DACMed PPT presentation_FINAL  _16 9UVM ScholarWorks: Assessing Patient Preferences for Communication Companions in Primary Care

Anika Advant and Georgia Babb, LCOM class of 2026, presented project findings at the Third Annual Disability Advocacy Coalition in Medicine Interprofessional Virtual Conference: Intersectionality in Disability Medicine conference on October 28, 2023.

 


Vermont Office of the Healthcare Advocate - Medical Debt Project
According to a 2021 Vermont Department of Health survey, 35% of uninsured patients and 17% of insured patients reported owing medical debt in Vermont. In Vermont, Medicaid provides near universal coverage health insurance for low-income individuals.​ In contrast, Medicare has gaps that can leave beneficiaries with substantial out-of-pocket costs, especially for those who do not qualify for Medicare Savings Programs (MSPs). This project sought to understand healthcare affordability for Vermonters transitioning to Medicare by gaining perspectives from patients and healthcare stakeholders. 

AHEC Poster VMS 16 9 (002)

UVM ScholarWorks: Understanding Affordability of Healthcare in Vermont

Jackson Bressor, Elle Cunningham, Khadija Moussadek, Lauren Tien, and Sarah Yang, LCOM class of 2026 presented project findings at the Vermont Medical Society Annual Meeting

 


Health Equity and Patient Centered Care in the Medical Home: Review and Update to Wellness and Screening Forms
Primary care settings are working on changes to be more inclusive and affirming to patients at risk for health disparities (LGBTQ, racial, ethnic, and socioeconomic groups). Signage and communication in the patient visit can enhance or hinder quality of care. Forms and screening tools can both create an inclusive welcoming environment or further alienate populations.  The aim of this study was to enhance patient-provider communication through incorporation of patient-centered language on intake forms through The University of Vermont Medical Center (UVMMC).

Health Equity and Patient Centered Care Poster 16 9UVM ScholarWorks: Enhancing Health Equity Through Patient-Centered Care:Updating Screening Forms in a Primary Care Setting

 

 

AHEC Interprofessional Challenge Project: Prevention of Firearm Injury
Each year in Vermont, approximately 75 people die from gunshot wounds and 65 are injured. The majority of these deaths are suicides, while the majority of injuries are caused by unintentional discharge. This project team consisted of two Larner Medical Students, one Public Health student and one Clinical Mental Health student. The team surveyed health care providers to assess current practices in firearm safety discussions with patients and the need for patient information materials.

UVM ScholarWorks: Firearm Safety Education in Vermont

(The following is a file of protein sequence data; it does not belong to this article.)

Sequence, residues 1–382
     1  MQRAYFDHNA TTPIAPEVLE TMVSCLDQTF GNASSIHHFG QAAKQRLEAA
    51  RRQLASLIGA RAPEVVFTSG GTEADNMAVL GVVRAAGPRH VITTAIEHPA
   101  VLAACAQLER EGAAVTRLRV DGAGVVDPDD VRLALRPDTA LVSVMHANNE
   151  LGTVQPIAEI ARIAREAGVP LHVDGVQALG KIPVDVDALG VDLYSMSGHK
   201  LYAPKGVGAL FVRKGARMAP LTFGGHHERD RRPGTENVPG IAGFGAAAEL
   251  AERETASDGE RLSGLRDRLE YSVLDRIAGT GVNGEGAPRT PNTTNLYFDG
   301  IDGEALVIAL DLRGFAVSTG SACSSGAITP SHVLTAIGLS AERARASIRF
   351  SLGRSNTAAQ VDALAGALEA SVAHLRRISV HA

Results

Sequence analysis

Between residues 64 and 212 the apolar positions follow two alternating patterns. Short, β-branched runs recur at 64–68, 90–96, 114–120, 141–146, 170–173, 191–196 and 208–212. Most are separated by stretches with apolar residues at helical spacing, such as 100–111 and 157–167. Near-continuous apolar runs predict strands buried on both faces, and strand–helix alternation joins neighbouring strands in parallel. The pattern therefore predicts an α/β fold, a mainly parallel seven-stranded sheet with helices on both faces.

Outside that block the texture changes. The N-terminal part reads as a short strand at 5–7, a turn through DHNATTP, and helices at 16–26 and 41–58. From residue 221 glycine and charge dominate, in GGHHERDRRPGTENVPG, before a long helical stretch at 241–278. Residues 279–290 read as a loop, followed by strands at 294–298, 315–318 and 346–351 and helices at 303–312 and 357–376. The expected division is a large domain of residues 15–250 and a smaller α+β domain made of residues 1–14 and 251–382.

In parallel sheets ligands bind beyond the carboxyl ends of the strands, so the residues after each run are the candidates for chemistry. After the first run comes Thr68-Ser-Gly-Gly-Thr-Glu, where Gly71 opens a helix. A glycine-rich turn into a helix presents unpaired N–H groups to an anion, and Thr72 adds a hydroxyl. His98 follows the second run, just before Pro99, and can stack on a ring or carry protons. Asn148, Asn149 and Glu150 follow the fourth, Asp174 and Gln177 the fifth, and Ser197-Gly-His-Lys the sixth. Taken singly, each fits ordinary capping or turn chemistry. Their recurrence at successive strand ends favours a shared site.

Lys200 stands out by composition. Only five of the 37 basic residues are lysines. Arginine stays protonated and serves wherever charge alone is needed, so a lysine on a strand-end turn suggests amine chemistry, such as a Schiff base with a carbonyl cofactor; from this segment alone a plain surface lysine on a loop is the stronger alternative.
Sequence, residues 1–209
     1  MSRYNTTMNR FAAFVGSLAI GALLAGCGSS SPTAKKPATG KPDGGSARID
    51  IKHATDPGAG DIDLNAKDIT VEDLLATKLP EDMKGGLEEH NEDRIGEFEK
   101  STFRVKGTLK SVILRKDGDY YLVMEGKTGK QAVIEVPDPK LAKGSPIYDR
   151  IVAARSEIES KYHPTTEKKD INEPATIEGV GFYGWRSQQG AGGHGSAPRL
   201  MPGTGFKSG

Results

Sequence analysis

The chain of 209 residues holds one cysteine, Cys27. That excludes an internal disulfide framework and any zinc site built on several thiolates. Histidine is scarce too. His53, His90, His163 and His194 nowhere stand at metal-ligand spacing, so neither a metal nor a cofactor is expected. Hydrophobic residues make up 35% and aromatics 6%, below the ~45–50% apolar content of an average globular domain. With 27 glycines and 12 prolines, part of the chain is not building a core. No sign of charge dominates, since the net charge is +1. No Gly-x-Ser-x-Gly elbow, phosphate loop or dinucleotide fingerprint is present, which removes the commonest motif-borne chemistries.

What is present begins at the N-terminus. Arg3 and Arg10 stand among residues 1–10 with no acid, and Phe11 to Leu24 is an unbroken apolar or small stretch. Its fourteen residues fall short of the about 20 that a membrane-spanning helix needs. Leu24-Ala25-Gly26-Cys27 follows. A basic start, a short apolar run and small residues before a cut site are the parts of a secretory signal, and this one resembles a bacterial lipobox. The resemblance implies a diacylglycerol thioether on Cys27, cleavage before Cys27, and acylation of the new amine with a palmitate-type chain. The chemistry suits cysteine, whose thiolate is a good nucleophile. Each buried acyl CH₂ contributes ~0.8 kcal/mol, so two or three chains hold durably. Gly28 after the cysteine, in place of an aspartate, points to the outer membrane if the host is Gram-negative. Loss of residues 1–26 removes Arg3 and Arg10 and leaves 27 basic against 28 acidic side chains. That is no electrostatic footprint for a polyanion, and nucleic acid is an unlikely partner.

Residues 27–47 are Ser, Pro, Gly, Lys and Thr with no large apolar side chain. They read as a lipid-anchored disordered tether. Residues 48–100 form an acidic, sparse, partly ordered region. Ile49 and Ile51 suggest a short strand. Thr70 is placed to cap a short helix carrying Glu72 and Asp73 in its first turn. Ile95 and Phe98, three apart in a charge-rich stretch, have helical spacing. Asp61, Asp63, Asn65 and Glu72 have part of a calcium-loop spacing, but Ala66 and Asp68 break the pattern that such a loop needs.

Primary Care Provider Opinions on Psychedelic Therapy
Psychedelics, such as MDMA, LSD, psilocybin, and ketamine, are mind-manifesting substances that have gained interest among academic, research, and policy stakeholders due to their potential as therapeutic agents for intractable mental health disorders.  This project sought to understand Vermont providers’ knowledge and attitudes.

AHEC_Summer_Psychedelics_Poster 16 9UVM ScholarWorks: Vermont Primary Care Provider Knowledge and Attitudes Regarding Psychedelics

Mallory Stultz and Cole Zweber, LCOM Class of 2026, presented at the Northeast Regional Society of General Internal Medicine Conference in Boston, MA on November 4, 2023.

 

 

Track: Education/Mentoring (Northern Vermont AHEC and Southern Vermont AHEC)

The Governor's Institute on Health and Medicine
July 9-15, 2023 Northern Vermont University Lyndon CampusThe Governor's Institute on Health and Medicine is a week-long, health science enrichment and career exploration camp for high school students. LCOM students serve as residential mentors to support students’ learning and assist in creating a fun and respectful learning community. Content is delivered through hands-on activities, scenario-based learning, and case discussion.

MedQuest MentorsJuly 24-26, 2023 at Springfield Hospital and North Star Health and August 2-4, 2023 at Rutland Regional Medical Center
MedQuest 2023 is an on-site, 3-day, non-residential program for high school students to explore a variety of health careers in a rich learning environment with engaging content and group discussions, skill-building activities, job shadowing, mentoring, and dialogue with health professionals. LCOM student mentors assist in preparing and presenting materials to students and facilitate small group discussions and activities.

Advanced MedQuest Mentors
June 26-June 30, 2023 at Rutland Regional Medical Center and Vermont State University at Castleton
Advanced MedQuest is an on-site, 5-day, non-residential program for high school students who have previously completed MedQuest. Students participate in an intensive job shadow experience and learn via hands-on experience. 

Pre-medical/Pre-health Enrichment Program for VTSU (PEP)
Two LCOM students teamed with SVT AHEC to work on PEP-VTSU an extracurricular enrichment program being developed for Vermont State University students interested in health professions. The program is geared toward professions in high demand in Vermont, with emphasis on meeting the needs of the Vermont health care workforce.

2021-2022 AHEC Scholar Summer Projects

Electronic Medical Record Project